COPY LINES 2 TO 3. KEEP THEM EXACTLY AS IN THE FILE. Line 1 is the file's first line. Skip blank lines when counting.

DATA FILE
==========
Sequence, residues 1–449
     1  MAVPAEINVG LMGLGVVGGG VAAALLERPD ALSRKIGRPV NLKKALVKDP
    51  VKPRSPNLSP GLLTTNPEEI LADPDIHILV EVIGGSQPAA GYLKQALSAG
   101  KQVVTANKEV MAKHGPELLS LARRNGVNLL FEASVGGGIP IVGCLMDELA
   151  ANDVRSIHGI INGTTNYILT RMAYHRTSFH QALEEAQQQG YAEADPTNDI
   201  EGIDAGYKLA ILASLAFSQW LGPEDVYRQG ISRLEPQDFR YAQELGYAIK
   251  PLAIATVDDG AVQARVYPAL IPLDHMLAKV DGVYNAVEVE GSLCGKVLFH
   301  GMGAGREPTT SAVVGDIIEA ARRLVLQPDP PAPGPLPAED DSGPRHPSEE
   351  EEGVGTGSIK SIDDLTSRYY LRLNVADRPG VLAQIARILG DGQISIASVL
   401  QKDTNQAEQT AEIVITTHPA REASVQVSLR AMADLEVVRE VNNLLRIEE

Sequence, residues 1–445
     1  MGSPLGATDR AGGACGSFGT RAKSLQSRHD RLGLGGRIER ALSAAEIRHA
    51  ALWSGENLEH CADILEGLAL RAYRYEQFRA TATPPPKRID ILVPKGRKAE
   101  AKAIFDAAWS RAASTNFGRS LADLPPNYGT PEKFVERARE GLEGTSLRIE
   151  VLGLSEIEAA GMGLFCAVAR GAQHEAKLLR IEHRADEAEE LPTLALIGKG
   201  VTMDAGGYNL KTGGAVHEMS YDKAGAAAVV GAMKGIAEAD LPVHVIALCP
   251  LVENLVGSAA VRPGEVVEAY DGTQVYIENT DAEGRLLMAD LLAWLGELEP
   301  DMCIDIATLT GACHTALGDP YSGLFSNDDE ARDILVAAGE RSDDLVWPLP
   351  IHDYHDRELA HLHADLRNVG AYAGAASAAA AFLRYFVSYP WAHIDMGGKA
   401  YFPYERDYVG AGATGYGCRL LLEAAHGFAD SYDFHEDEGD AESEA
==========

     1  MAVPAEINVG LMGLGVVGGG VAAALLERPD ALSRKIGRPV NLKKALVKDP
    51  VKPRSPNLSP GLLTTNPEEI LADPDIHILV EVIGGSQPAA GYLKQALSAG